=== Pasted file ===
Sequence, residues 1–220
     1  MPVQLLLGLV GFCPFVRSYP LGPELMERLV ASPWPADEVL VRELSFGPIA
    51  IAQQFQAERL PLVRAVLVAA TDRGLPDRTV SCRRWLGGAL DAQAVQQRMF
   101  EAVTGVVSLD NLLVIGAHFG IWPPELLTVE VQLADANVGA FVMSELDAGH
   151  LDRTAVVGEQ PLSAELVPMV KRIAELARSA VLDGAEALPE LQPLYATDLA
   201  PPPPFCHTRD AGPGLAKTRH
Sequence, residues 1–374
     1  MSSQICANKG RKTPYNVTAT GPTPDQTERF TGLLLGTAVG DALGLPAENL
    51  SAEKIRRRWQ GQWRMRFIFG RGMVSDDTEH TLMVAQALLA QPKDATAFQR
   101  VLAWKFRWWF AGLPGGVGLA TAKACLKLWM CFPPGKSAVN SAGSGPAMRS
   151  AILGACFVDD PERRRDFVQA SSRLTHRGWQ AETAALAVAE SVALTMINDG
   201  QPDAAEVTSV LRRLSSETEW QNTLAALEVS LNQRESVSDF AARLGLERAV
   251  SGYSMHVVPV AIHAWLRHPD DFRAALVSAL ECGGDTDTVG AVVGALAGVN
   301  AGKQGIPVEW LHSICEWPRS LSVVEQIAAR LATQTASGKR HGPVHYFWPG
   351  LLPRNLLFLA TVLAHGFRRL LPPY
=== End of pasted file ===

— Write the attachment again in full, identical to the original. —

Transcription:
Sequence, residues 1–220
     1  MPVQLLLGLV GFCPFVRSYP LGPELMERLV ASPWPADEVL VRELSFGPIA
    51  IAQQFQAERL PLVRAVLVAA TDRGLPDRTV SCRRWLGGAL DAQAVQQRMF
   101  EAVTGVVSLD NLLVIGAHFG IWPPELLTVE VQLADANVGA FVMSELDAGH
   151  LDRTAVVGEQ PLSAELVPMV KRIAELARSA VLDGAEALPE LQPLYATDLA
   201  PPPPFCHTRD AGPGLAKTRH
Sequence, residues 1–374
     1  MSSQICANKG RKTPYNVTAT GPTPDQTERF TGLLLGTAVG DALGLPAENL
    51  SAEKIRRRWQ GQWRMRFIFG RGMVSDDTEH TLMVAQALLA QPKDATAFQR
   101  VLAWKFRWWF AGLPGGVGLA TAKACLKLWM CFPPGKSAVN SAGSGPAMRS
   151  AILGACFVDD PERRRDFVQA SSRLTHRGWQ AETAALAVAE SVALTMINDG
   201  QPDAAEVTSV LRRLSSETEW QNTLAALEVS LNQRESVSDF AARLGLERAV
   251  SGYSMHVVPV AIHAWLRHPD DFRAALVSAL ECGGDTDTVG AVVGALAGVN
   301  AGKQGIPVEW LHSICEWPRS LSVVEQIAAR LATQTASGKR HGPVHYFWPG
   351  LLPRNLLFLA TVLAHGFRRL LPPY